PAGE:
Reborn Os Review · The Kernal
Nowadays, many Linux distros, especially Arch based distro’s are all the same. They slap a new logo and desktop on there, and say it’s a brand new Linux distro like something that you’ve never seen before. For the longest time, that’s how I’ve seen Reborn OS. Arch with an installer. But now, after giving it a fair shot, It turns out it has quite a few nifty tools and tricks that I think really differentiate it from the others. I am going to give a brief explanation of some features that I think are worth mentioning, and maybe see if I can convince you to give Reborn OS a try.

That’s interesting, thanks for sharing! Though personally i don’t understand why we need to make so many distros, i think it’s a symptom of some failure at some point in the software supply chain.

It should be fun and trivial to build special packages on a special repository that package useful software and configurations. If it’s not and we have to build an entirely new distro (and rebuild/patch all packages in the long run) for trivial modifications, there’s a problem.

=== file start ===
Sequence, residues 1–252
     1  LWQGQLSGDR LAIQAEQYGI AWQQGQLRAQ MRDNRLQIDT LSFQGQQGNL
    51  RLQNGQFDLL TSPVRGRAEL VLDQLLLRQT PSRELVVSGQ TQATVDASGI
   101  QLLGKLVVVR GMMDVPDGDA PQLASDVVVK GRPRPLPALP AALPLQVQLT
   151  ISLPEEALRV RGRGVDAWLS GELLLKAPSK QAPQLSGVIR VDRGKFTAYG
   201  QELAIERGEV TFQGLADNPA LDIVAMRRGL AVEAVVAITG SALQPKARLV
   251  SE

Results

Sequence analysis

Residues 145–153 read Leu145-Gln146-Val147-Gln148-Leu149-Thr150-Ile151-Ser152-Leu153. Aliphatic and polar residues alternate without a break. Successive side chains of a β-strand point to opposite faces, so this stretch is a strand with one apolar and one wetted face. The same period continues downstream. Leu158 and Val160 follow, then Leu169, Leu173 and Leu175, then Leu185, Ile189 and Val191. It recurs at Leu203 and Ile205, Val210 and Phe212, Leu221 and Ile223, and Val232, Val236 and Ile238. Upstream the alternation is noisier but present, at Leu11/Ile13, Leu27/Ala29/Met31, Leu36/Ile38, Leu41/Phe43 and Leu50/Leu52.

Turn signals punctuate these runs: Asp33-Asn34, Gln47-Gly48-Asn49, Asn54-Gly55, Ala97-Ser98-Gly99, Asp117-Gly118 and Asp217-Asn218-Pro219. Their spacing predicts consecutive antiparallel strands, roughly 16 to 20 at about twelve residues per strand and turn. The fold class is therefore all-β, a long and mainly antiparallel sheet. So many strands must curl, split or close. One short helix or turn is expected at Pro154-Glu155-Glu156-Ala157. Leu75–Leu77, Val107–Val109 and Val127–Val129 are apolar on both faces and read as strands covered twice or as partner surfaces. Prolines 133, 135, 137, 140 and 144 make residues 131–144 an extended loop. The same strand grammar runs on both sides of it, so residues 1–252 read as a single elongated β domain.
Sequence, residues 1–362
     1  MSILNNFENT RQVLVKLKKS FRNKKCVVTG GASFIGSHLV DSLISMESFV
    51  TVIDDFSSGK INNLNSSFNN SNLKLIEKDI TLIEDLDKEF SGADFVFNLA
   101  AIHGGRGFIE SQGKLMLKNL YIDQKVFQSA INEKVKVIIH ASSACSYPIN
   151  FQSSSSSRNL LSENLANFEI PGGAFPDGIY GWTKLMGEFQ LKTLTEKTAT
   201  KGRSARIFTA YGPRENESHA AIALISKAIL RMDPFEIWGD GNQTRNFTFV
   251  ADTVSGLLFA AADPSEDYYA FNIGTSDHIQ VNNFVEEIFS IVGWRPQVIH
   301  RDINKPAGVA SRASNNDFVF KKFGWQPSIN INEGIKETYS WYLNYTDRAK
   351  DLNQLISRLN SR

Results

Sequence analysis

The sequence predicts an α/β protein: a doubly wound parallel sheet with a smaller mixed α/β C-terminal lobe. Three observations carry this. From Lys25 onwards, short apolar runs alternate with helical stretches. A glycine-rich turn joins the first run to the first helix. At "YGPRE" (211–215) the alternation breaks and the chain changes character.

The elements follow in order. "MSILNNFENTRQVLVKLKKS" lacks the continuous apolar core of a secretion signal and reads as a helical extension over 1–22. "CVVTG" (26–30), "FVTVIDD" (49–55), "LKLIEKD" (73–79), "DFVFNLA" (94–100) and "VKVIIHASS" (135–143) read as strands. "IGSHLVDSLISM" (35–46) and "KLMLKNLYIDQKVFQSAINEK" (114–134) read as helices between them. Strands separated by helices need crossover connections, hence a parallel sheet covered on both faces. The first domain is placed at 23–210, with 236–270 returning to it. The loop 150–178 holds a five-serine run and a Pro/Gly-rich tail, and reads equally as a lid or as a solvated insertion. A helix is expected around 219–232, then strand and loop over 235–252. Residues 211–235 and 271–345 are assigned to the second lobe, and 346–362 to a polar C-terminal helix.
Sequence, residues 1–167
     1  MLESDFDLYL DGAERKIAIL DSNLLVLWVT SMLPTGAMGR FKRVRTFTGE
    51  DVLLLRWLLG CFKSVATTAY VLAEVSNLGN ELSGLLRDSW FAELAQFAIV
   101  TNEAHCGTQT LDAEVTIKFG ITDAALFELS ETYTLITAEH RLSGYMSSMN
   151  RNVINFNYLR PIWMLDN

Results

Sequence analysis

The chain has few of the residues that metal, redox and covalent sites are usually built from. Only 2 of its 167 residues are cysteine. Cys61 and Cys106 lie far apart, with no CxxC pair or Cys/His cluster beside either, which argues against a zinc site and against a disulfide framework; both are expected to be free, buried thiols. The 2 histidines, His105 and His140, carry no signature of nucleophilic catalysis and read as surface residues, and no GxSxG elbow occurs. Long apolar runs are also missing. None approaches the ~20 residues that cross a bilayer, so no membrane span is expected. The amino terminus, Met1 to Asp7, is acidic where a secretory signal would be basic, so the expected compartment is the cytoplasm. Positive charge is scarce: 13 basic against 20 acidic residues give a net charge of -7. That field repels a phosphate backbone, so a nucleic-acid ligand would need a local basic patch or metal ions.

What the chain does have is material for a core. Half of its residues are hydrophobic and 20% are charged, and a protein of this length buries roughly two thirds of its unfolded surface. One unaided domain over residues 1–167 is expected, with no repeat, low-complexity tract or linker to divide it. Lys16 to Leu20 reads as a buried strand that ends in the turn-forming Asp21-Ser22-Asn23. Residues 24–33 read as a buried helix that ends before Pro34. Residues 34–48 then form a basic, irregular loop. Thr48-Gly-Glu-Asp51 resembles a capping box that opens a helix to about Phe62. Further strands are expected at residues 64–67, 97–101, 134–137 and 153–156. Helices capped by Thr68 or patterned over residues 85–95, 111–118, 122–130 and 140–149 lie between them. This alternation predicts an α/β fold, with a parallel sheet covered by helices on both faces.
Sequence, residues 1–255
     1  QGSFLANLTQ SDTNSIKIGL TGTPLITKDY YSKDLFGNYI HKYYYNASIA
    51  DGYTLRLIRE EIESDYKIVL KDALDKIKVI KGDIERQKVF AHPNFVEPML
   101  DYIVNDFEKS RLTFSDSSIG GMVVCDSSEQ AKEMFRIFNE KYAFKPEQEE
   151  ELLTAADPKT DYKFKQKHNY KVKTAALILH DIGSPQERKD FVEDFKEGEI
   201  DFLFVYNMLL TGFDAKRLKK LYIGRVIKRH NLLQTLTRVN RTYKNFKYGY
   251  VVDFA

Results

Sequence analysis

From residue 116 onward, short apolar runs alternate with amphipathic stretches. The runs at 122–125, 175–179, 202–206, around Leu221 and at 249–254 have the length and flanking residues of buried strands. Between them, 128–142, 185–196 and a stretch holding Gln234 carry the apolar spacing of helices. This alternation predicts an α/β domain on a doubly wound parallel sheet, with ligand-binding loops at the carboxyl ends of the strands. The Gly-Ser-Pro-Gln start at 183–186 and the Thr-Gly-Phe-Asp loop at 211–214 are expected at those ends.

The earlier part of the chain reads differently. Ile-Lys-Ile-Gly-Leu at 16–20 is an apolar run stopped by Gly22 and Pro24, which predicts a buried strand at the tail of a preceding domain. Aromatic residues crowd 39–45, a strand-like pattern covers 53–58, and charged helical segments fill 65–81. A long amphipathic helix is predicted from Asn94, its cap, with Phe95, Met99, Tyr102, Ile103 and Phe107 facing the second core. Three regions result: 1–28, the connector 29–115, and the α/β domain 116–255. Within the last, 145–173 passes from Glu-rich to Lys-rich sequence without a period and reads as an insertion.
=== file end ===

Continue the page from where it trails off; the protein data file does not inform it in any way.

I mean there’s hundreds of Debian/Ubuntu forks simply focusing on settings presets or a specific desktop environment. Of course there’s the official Debian blends and Ubuntu spins, but i feel like they’re mostly not addressing the issue. It should be trivial for me to take my favorite packages/settings for my favorite distro and turn that into a bootable iso that will apply my favorite settings without having to maintain an entire distro that’s going to be plagued by unapplied security patches sooner or later.

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Linux is a family of open source Unix-like operating systems based on the Linux kernel, an operating system kernel first released on September 17, 1991 by Linus Torvalds. Linux is typically packaged in a Linux distribution (or distro for short).

Distributions include the Linux kernel and supporting system software and libraries, many of which are provided by the GNU Project. Many Linux distributions use the word “Linux” in their name, but the Free Software Foundation uses the name GNU/Linux to emphasize the importance of GNU software, causing some controversy.


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